The ex-chief of Arsenal Football Club (London) charts his rise to become one of the most successful soccer managers of all time, including his studious take on the game, his groundbreaking approach to fitness and nutrition, his ability to spot young talent and more.
... engrossing, surprisingly poignant and often exasperatingly buttoned-up ... Anyone expecting Mr. Wenger to suddenly open up his puffy coat and reveal the secrets he has long kept to himself has come to the wrong memoir ... The only dark truth that emerges in these pages is that he didn’t really like broccoli ... Part valedictory lap, part future TED Talk and part apologia to his family and friends ... Wenger will no doubt be erected outside the Emirates Stadium...his patrician head held as high as it is in these pages.
There are a million questions that Arsenal fans would want Wenger to answer. The answers, unfortunately, are either missing altogether from My Life in Red and White, or expressed in a way that is long familiar to us ... The opening chapters of what is a surprisingly short book, about Wenger’s childhood and playing days, are elegiac and rather moving ... His career has been spectacular, rich, colourful. But when he is talking about the end at Arsenal there is a glimpse of regret and bitterness. He tells us that after the Invincibles season he turned down job offers from PSG, Juventus, Real Madrid, Bayern Munich, England and France ... He clearly doesn’t think that loyalty was returned ... But that, really, is all this clever, charismatic man will say about his forced departure. Perhaps there will be another, more revealing book, when he has stopped work altogether.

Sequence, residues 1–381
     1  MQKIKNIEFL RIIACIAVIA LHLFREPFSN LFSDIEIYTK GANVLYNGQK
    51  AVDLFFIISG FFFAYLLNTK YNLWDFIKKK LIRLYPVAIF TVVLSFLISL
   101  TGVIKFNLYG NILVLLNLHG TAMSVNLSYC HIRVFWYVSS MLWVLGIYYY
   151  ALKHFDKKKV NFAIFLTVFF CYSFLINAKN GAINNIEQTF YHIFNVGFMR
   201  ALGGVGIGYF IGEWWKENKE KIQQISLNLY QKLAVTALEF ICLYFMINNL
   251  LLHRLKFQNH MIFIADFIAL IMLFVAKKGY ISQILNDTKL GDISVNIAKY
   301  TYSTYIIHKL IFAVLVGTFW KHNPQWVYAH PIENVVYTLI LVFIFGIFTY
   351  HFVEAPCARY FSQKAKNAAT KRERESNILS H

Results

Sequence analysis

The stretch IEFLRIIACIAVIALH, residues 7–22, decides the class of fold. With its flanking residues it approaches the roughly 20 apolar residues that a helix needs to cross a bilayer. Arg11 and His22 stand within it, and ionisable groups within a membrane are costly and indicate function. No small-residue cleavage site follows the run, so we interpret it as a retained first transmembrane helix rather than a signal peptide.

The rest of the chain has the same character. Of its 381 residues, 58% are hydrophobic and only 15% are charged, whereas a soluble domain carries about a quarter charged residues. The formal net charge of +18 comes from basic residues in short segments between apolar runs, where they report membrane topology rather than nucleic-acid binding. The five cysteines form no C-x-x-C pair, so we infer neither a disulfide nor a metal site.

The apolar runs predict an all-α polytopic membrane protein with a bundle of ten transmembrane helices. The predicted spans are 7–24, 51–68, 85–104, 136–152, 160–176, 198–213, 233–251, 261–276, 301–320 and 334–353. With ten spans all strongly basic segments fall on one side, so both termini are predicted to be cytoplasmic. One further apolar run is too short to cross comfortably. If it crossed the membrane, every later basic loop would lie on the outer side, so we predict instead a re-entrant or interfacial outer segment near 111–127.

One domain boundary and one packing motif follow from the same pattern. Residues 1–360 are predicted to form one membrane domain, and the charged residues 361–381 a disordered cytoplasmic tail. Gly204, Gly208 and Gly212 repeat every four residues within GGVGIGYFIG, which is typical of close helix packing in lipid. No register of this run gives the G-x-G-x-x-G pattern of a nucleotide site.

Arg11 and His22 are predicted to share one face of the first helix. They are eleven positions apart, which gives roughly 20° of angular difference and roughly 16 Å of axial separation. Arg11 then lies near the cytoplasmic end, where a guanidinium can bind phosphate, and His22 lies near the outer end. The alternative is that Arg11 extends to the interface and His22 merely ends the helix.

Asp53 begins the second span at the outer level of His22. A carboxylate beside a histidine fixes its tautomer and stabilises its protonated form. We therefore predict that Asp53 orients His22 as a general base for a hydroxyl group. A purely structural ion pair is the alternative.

Leaving [José ] Mourinho out of his life story is like Balzac leaving Vautrin out of Père Goriot: it removes one of the essential engines of the plot. It also deprives us of one of the story’s most interesting characters. Wenger has explained that he wanted the book to be 'positive', which, from the reader’s point of view, is not the best motivation for writing a memoir ... Wenger’s decision to eliminate the negative leaves a book that disappoints as an account of football management, if we view the football manager as the most important person at any club ... My Life in Red and White is a disappointment to those of us who anticipated the sort of book at which Wenger once hinted. No score-settling, and very little explanation of some of the more puzzling moments in his career are on offer. There is also a reluctance to address football’s less edifying excrescences ... Instead, there is a surprisingly honest self-portrait of an obsessive, driven man, who decided that the game really could be beautiful, and was prepared to sacrifice himself to that belief.